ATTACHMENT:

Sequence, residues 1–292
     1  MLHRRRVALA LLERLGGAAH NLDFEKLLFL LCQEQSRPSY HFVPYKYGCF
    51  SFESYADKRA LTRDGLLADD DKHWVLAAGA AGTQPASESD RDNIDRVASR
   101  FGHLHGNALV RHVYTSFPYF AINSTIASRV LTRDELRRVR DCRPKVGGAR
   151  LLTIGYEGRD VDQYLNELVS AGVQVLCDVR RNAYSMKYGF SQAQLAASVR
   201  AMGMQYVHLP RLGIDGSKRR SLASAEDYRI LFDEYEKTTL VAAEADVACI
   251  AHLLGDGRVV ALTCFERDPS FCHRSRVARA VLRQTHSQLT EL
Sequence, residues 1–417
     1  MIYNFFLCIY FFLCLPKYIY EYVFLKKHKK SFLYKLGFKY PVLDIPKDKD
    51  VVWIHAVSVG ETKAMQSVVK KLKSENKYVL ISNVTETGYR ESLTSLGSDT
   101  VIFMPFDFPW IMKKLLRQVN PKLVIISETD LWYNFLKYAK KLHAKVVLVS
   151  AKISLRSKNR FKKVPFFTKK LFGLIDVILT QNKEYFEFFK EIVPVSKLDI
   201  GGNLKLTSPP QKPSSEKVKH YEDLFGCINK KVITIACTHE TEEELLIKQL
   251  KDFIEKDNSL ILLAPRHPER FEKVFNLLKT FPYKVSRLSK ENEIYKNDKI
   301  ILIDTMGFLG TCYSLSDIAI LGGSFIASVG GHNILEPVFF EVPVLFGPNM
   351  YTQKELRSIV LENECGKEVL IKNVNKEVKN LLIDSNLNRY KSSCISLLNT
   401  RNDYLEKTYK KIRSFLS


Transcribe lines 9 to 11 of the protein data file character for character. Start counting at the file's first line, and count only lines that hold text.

     1  MIYNFFLCIY FFLCLPKYIY EYVFLKKHKK SFLYKLGFKY PVLDIPKDKD
    51  VVWIHAVSVG ETKAMQSVVK KLKSENKYVL ISNVTETGYR ESLTSLGSDT
   101  VIFMPFDFPW IMKKLLRQVN PKLVIISETD LWYNFLKYAK KLHAKVVLVS